The Capitol press corps was proud of Dick Wheeler.
I didn't know Dick Wheeler well, but I was as fond of him as people who did. The creator of The Wheeler Report, the single most authoritative source of state Capitol reporting, was the kind of guy people looked to first with respect, then with admiration, and finally with a smile on their face.
Dick Wheeler, who died at his home this morning at age 67, knew the state Legislature better than the state Legislature. He was amused by it, annoyed by it, at times enraged by it. But he was as devoted to it as anyone ever elected to serve in its ranks.
As a reporter in Madison, where I worked at Isthmus newspaper for 25 years, I knew Wheeler mostly by reputation. It was only in the last year that I got to know him personally.
In part that was because of what I call the Walker Eruptions, which drew me to the Capitol on a daily basis this spring. Dick had by this time relinquished his role as president of the Capitol Correspondents Association, but he continued to assist dispensing press passes to people like me with a sudden need for access to the institutions of state government.
More than once, I ran into Dick outside the Capitol, at the media entrance, where he was handing out daily press passes. Getting into the building to obtain these became increasingly difficult, and he stationed himself there as a convenience to reporters like me.
Often I would ask him questions about the unfolding events. On Feb. 28, when I needed to call a legislative staffer to come down to the first floor to escort me to the press room to get my daily pass, I asked Dick if it was true that the Legislature cannot legally conduct business if the building is closed to the public.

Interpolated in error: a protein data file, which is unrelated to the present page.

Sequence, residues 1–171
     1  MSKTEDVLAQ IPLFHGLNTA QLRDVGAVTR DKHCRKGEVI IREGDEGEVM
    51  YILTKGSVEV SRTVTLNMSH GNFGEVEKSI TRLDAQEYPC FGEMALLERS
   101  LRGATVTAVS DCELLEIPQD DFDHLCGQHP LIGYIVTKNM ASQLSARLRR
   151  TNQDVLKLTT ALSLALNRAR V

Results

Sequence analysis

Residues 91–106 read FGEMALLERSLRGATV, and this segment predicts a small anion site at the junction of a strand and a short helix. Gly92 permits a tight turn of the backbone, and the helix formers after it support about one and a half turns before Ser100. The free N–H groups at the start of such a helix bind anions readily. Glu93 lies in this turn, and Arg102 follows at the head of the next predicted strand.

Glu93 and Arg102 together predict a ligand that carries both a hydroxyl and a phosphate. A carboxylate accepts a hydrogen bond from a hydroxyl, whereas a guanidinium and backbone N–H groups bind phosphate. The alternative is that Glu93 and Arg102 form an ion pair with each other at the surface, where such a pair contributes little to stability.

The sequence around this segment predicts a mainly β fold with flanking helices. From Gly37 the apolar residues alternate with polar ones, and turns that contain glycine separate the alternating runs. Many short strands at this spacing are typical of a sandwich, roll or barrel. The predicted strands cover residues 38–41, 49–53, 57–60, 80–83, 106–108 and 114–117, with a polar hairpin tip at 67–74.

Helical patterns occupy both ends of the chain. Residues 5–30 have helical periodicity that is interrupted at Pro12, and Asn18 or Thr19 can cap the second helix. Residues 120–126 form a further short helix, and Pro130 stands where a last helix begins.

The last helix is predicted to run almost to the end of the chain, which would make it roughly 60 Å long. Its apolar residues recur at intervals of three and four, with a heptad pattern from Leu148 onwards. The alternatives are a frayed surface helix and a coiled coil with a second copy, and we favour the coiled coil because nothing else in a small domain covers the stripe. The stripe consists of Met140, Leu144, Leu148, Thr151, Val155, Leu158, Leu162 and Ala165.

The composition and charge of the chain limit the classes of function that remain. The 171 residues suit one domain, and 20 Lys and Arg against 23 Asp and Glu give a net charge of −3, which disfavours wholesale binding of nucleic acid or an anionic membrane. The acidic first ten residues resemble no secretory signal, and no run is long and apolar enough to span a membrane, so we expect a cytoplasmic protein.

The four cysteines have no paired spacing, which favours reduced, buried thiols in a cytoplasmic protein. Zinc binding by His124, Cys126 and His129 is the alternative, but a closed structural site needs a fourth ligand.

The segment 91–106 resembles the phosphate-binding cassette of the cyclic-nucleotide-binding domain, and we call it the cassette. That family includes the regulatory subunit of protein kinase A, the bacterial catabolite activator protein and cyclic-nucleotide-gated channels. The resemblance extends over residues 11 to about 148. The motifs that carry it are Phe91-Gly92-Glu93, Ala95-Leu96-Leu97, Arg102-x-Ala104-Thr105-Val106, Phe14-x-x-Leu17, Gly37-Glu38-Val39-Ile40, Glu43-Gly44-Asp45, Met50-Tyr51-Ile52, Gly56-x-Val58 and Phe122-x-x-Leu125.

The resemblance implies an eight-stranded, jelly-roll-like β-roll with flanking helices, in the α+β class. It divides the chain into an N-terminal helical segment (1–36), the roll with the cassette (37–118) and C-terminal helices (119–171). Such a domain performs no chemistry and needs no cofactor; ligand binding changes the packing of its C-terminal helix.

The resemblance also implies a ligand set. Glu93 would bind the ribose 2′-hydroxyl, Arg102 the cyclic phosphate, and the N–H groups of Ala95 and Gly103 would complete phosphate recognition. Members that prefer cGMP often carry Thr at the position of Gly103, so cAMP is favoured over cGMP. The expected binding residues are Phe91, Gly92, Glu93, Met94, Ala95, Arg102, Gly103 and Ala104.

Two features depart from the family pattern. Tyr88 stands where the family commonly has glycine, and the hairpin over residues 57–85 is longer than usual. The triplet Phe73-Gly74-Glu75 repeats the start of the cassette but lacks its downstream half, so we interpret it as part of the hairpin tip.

He not only confirmed this, he cited the exact section of the state Constitution: Article 4, Section 10: "The doors of each house shall be kept open except when the public welfare shall require secrecy."
In June, when I began working for the Wisconsin Center for Investigative Journalism, I started coming to the state Capitol press room at least one day a week. I sat on the other side of a desk from Dick Wheeler. That's where I'm sitting now, as I type these words.
The press room is devastated this morning. Tears have been shed. Wheeler's daughter Gwyn Guenther, who worked alongside him most days, is here to console and be consoled -- and, of course, because there's work to be done. The reporters asked her to say something about her dad for the stories they are sadly writing.
"My dad always said two things about his job," Gwyn said. "He loved what he was doing so he never worked a day in his life. And the day he stopped enjoying coming to work he would stop coming."
Dick Wheeler was proud of Gwyn. I always felt that. He was proud of her daughters Camille and Tabitha, his grandchildren, who sometimes came by. And, I know this is a strange thing to say, but it seems like the right words: The Capitol press corps was proud of Dick Wheeler.
Wheeler had covered state legislatures in Ohio and Michigan before coming to Wisconsin and launching The Wheeler Report in 1972. He was on the phone with a member of the Rev. Martin Luther King Jr.'s family when word came of King's assassination. He covered the shootings at Kent State.
The Wheeler Report covering the events of state government began as a mimeographed write-up that was mailed to subscribers daily. Later it was sent out by fax, then email, and, beginning in 1998, over the Internet.
Dick would start work before 6 a.m., compiling information on his website. He'd work all day through. His health was not perfect; he'd had a heart attack more than two decades ago and was diagnosed with congestive heart failure six years back. But he had as much drive as reporters half his age. He worked a full day yesterday, and was apparently getting ready for work this morning when he died.
One of the reporters in the press room just got off the phone with former Gov. Jim Doyle. "Doyle didn't know your dad very well," he announced. "He said he was warm and friendly." Everybody laughed.
It's strange to be here now, in a group of sad people writing stories about Dick. But I know he would have wanted that, for the telling of stories to go on, like life itself.